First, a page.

Senate report critique: Intelligence commentator, torture opponent argues that committee move is unwise.

Why the Senate Report Is a Mistake Even If the CIA Torture Program Was an Immoral Disaster

Why the Senate Report Is a Mistake Even If the CIA Torture Program Was an Immoral Disaster

The Slatest
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Dec. 10 2014 4:15 PM

Why the Senate Report Is a Mistake Even If the CIA Torture Program Was an Immoral Disaster

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Senate Intelligence Committe chair Dianne Feinstein.

Saul Loeb/AFP/Getty

On Twitter, CNN anchor Jake Tapper points to a viewpoint on the Senate Intelligence Committee (SSCI)'s CIA torture report that's somewhere between, or perhaps outside of, the condemnations and defenses of the "enhanced interrogation" program that have been flying back and forth since the report was released. It's a blog post written by a historian and former National Security Agency employee named John Schindler, who believes that the United States should never use torture as an interrogation method and that the CIA's detainee program was "a disaster"—but also that the release of the Senate report is a major mistake.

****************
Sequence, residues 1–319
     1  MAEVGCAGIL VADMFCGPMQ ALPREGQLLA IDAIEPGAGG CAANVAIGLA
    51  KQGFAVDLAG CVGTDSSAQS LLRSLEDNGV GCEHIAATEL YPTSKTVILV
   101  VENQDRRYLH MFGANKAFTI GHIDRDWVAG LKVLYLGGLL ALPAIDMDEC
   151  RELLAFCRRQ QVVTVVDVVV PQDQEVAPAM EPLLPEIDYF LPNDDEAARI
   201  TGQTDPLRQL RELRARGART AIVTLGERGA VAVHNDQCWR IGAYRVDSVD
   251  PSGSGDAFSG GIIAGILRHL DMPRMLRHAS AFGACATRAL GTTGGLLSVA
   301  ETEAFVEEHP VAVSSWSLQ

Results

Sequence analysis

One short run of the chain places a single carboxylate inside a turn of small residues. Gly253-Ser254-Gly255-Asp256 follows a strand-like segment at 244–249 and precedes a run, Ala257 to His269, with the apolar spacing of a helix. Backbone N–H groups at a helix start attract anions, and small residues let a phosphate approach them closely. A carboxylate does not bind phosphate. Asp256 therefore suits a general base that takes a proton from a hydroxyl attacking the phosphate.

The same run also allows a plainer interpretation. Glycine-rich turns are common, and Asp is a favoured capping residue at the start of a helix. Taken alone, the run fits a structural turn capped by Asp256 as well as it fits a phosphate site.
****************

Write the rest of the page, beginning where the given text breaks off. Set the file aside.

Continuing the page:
You should read the whole post here, but to summarize, Schindler argues that releasing the report without bipartisan backing guarantees that Republicans will oppose (necessary) CIA reforms, that a great deal of information about the agency's malfeasance had already been made known to the public (and was perhaps even approved by Congress itself), that releasing the details of the United States' cooperation with foreign intelligence services will make them less likely to cooperate with us in the future, and that open partisan condemnation will encourage the CIA's most cautious, self-protecting impulses. Basically: nothing constructive is being accomplished that would justify the damage that's being done.

Thus will CIA remain, largely unreformed. Its foreign partnerships have taken a serious blow, and any operational bias for action, strongly encouraged after 9/11, has evaporated, perhaps for decades. Who, after all, wants to take risks when you might be exposed by an angry Congress a few years down the road? Getting your intelligence services to be risk-averse and ineffective, acting like a very secretive and expensive Department of Motor Vehicles, is an eminently achievable goal, and will be the lasting legacy of the Democrats on the SSCI.
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Schindler's blog has more information on his background, and plenty of other writing on intelligence topics such as the Edward Snowden leak, for anyone interested in finding out more about his perspective (or anyone interested in putting that perspective, as it were, in perspective).